Spain’s huge olive oil fair, Expoliva, hopes to again attract more than 40,000 visitors this year, despite the dismal prices and low morale plaguing the country’s olive oil producers.
The 15th International Fair of Olive Oil and Allied Industries – which claims to be the world’s biggest in the sector – will run from May 11 – 14 in the capital of olive oil production, Jaén, in southern Spain.
More than 300 companies – at least 20 from other countries including Argentina, Germany, Italy, Portugal, the U.S., and Tunisia – have already signed up as exhibitors. Luis Carlos García, president of Jaén Fairs, admits the problems besetting the industry have seen “some companies who have exhibited in past years pull out, but some new ones have shown interest.”
About 45,000 people – 1,000 from outside Spain – registered for the last Expoliva. Held in 2009, it spanned 30,000 square meters spread over four pavilions. Organizers say they have already achieved more than 90 percent occupancy for this year and, thanks to ten new foreign participants, a 15 percent increase in the number of international stands.
Among those new exhibitors is North American Agro-Investments, which provides investor advice in the U.S. olive oil sector. Its president, Xavier Marques, told Expoliva the company’s aim was to encourage Spanish companies to diversify with investment in olive groves in the U.S., “the second biggest market for olive oil consumption.”
Expoliva actually comprises three events in one: an extra virgin olive oil exhibition, a leading science and technology symposium, and the fair, which itself includes a machinery trade show covering all facets of the olive oil production chain, and gastronomy promotions.
Pieralisi group, which has participated in Expoliva since its first edition, will show in its booth a representation of its new waterless vertical centrifuge.
The gastronomy presentations will highlight olive oil’s role in the Mediterranean diet, which was last year inscribed in UNESCO’S list of Intangible Cultural Heritage. Local gourmet products will also be showcased under the banner ‘Sabores de Jaén’ (The Flavors of Jaén).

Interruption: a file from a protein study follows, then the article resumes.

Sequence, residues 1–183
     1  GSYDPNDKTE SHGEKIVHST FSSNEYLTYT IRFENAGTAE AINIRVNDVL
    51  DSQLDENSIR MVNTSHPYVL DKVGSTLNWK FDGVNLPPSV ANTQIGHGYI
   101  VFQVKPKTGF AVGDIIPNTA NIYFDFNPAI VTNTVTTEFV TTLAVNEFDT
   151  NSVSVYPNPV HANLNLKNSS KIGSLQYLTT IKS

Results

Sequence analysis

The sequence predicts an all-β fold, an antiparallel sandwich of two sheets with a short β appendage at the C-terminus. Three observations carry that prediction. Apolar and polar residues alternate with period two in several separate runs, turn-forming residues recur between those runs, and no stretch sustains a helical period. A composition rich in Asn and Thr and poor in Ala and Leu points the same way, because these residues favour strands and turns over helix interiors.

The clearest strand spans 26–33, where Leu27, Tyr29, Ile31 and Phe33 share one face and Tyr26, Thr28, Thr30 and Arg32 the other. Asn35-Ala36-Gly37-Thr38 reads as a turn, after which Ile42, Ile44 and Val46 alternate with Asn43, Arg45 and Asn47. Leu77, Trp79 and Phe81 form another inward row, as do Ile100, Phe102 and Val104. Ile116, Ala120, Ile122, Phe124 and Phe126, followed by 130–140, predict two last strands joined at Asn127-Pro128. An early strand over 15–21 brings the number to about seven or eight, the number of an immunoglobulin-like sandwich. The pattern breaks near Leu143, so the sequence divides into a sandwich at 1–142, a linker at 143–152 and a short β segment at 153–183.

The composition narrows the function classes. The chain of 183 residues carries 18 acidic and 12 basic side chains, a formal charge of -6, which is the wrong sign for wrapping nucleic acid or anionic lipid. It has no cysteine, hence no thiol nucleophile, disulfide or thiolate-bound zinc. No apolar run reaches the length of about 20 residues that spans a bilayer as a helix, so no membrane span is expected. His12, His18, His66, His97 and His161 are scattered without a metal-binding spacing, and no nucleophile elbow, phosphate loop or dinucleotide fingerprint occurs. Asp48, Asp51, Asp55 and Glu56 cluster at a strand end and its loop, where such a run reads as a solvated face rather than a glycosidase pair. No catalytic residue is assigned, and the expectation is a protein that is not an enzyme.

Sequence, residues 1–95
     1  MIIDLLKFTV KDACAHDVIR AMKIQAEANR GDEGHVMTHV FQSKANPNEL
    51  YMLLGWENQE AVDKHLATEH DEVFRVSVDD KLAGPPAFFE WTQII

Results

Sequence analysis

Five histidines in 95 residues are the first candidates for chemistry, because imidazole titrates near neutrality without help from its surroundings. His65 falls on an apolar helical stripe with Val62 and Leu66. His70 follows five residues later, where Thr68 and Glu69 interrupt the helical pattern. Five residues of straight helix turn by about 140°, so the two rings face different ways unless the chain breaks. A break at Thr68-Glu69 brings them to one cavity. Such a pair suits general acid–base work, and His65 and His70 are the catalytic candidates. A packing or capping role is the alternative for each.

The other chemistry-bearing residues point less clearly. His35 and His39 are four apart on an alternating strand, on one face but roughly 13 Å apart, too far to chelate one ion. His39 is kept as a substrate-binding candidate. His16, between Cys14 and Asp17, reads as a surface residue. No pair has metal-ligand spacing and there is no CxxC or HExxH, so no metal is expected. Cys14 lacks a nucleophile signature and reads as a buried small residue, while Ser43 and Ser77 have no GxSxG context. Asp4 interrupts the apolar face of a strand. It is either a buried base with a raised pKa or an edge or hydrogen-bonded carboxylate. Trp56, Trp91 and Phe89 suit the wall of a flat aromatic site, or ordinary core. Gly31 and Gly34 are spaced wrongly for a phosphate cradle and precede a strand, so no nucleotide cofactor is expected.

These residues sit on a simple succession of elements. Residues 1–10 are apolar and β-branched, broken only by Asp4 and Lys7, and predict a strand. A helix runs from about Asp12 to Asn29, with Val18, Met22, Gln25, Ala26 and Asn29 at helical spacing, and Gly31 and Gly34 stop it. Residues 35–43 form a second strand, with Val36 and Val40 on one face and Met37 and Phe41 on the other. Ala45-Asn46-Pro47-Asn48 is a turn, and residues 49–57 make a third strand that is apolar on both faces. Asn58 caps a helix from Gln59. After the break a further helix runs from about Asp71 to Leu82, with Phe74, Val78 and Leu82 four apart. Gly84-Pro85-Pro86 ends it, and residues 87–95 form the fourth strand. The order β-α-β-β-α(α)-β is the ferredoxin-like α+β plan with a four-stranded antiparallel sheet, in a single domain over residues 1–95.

Organizers stress that the expo is also intended to be a venue for doing some serious business. This year, to help bring together buyers and sellers, attendees can request an appointment with an exhibitor of interest simply by filling in a form on the expo website.
Key themes at Expoliva 2011 will be olive oil’s health benefits, environmental issues and best practices for the sector.
Extra Virgin Olive Oil Competition (Salón del Aceite de Oliva)
About 140 EVOOs, spanning five continents, have been entered in this competition, which was introduced only a few years ago in recognition of the increasingly key role of premium oil in Spain’s export market. First and second prizes will be awarded during the show in each of the following three categories: Green fruity bitter/pungent oils, medium green fruity bitter/pungent oils, and fruity ripe/sweet oils.
Science & Technology Symposium
A record number of submissions – 166 – has been received for this year’s five forums:
Environment: covering sustainable development, mechanization, production methods (traditional, intensive and super-intensive production), and climate change.
Industry, Technology and Quality: new technologies for processing olive oil, quality conservation, biomass and biofuels, process automation and optimization, etc.
Economic and Social: marketing strategies, international trade, business management, the knowledge-based economy.
Food and Health: new evidence of olive oil’s health benefits and gastronomic qualities, and recent applications in cosmetics.
Olive Oil Culture: promotion of olive oil culture and how to represent related lifestyles in museum and other such settings.
Garcia said that apart from being an important venue for doing business, one of Expoliva’s fundamental roles was to promote innovation and research in the olive oil industry.